The German social insurance system plays the central role in the protection against social risks in Germany. Based on the principle of solidarity – i.e. contributions by many that an individual may benefit from in an emergency – it provides financial protection against the risks encountered in life and their consequences, such as sickness, unemployment, old age, occupational accidents, and the need for long-term care.
Social insurance in Germany is divided into five areas:
Information: The broschure Social Security at a Glance 2020 of the Federal Ministry of Labour and Social Affairs provides detailed information on the social security system in Germany.
Employees are automatically compulsorily insured in Germany, as long as they fall below a certain income level (social security contribution ceiling or contribution assessment ceiling- only available in German). Social security is organized by the employer, who calculates the contributions to the pension insurance, health insurance, unemployment insurance, and long-term care insurance contributions on a monthly basis from the gross salary based on the statutory rates, deducts half from the salary as the employee’s share, and pays this to the health insurance company of the insured together with the employer’s share. The health insurance company forwards the respective shares to Deutsche Rentenversicherung and the Federal Employment Agency (unemployment insurance).
Many employees are insured through a statutory health insurance fund. The specific fund may be chosen freely. From a certain income level (5,360 euros gross/month, in 2021-only available in German), employees may switch to a private health insurance provider. Private insurers calculate the monthly contributions based on individual risk.
Self-employed persons usually have to take out their own insurance. For self-employed artists and publicists it is recommended to join the Artists' Social Security Fund (Künstlersozialkasse, KSK). Information is available here.
Health insurance coverage is compulsory in Germany, i.e. self-employed persons must take out private health insurance or – if they meet certain conditions – insure themselves voluntarily through a statutory health insurance provider.
Voluntary insurance through a statutory health insurance provider is possible if, for example, the automatic compulsory insurance coverage ends due to termination of an employment relationship and the employee was insured through the statutory health insurance scheme for a certain duration. Information about this can be found here (additional details- only available in German).
Long-term care insurance also must be taken out through the health insurance provider.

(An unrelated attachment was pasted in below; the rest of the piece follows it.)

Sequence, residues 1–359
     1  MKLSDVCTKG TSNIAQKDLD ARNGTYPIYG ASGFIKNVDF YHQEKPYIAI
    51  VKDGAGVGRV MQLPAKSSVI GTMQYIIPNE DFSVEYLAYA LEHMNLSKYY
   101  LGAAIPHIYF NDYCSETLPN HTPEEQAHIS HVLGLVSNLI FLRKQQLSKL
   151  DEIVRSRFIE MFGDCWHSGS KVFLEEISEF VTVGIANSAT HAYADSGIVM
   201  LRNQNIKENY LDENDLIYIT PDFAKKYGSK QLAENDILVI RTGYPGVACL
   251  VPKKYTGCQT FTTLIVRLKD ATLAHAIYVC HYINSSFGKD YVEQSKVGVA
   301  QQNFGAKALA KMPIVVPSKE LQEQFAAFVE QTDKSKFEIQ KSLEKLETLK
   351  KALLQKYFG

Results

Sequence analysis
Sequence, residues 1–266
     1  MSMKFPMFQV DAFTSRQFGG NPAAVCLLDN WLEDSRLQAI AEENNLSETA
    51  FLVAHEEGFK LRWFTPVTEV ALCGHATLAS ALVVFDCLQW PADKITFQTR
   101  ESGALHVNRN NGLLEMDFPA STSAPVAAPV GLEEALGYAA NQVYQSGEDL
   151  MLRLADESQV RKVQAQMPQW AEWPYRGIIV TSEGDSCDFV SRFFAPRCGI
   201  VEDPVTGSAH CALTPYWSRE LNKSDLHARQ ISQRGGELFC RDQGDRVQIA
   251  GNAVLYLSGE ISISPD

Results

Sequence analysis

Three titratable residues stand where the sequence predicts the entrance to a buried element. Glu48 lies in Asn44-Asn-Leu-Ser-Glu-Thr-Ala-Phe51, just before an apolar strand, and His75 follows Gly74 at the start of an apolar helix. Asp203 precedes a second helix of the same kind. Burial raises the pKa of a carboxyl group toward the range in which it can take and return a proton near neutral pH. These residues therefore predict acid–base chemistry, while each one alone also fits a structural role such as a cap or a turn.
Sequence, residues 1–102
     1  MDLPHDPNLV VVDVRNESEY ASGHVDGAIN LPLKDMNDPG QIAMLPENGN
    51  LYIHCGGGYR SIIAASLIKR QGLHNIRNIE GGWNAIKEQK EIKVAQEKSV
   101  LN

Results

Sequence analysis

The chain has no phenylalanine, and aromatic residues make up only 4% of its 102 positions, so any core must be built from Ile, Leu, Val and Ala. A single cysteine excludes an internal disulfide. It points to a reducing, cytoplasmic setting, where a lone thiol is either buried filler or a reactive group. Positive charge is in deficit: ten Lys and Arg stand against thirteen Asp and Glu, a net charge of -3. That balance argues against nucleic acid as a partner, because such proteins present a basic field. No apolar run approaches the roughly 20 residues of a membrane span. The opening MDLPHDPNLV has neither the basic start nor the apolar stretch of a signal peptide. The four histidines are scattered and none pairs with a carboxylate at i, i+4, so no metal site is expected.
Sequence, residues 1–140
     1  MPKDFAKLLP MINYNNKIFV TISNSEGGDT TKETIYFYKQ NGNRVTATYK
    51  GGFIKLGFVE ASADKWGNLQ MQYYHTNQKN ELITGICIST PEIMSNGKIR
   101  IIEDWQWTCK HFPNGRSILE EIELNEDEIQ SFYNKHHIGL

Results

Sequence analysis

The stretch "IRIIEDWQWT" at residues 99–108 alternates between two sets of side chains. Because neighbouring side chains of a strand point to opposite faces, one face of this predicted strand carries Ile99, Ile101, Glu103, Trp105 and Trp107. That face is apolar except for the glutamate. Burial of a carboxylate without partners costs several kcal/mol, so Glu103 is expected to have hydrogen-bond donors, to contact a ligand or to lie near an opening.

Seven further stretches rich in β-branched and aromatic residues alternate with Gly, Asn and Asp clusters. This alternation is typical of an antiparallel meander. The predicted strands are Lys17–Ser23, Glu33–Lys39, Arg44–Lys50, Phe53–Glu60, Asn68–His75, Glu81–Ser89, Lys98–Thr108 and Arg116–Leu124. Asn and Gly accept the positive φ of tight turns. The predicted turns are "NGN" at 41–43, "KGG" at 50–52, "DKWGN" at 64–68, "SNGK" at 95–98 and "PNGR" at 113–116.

Retirement arrangements can be made privately but it is also possible to join the statutory pension insurance scheme (coverage through the statutory pension insurance scheme is compulsory for certain occupational groups, e.g. for self-employed teachers or artists and publicists insured through the Artists' Social Security Fund). There are plans to make pension insurance mandatory for all self-
Private health insurance (PHI): The monthly contribution is calculated independently of income and based on age, occupation, and health. Employers pay employees a subsidy. The coverage can be
customized. People with pre-existing conditions may find it difficult to find a suitable private health insurance plan and such conditions may lead to higher premiums. Premiums may also increase with age.
Medical services are initially billed to the insured party. He/she receives an invoice which he/she checks, pays, and submits to the PHI for reimbursement. Hospitals usually settle inpatient treatments directly with the PHI.
Statutory health insurance (SHI): Statutory health insurance funds are based on the solidarity principle. The entitlement to benefits is regulated by law and applies equally to all insured persons. Premiums are not dependent on age or pre-existing conditions, but solely on income.
Employers and employees share the basic monthly contributions (14.6 % of the income subject to contributions, in 2021- only available in German). In addition, the insured party pays an additional contribution (in 2021 (only available in German) it amounts to an average of 1.3 percent of the gross income).
Self-employed persons pay the full monthly contribution themselves. Insurance coverage through a statutory health insurance fund may be expensive for self-employed persons, however, as the monthly premiums are usually calculated based on a minimum assessment threshold. This threshold assumes a hypothetical minimum income of 1,097 euros (in 2021- only available in German). The monthly premiums thus amount to 160 euros + additional contribution a month.
The SHI settles any medical services based on the principle of benefits in kind. Medical practices, hospitals, etc. charge the treatment costs directly to the health insurance provider. The insured party does not have to make any advance payments.
It is possible to co-insure family members free of charge under the statutory health insurance scheme. This applies to spouses and registered life partners as well as to children (i.e. children, stepchildren, grandchildren, foster children, adopted children, as well as children of children insured under the family insurance option) – initially until the age of 18.
Some prerequisites must be considered regarding the insurance: The co-insured person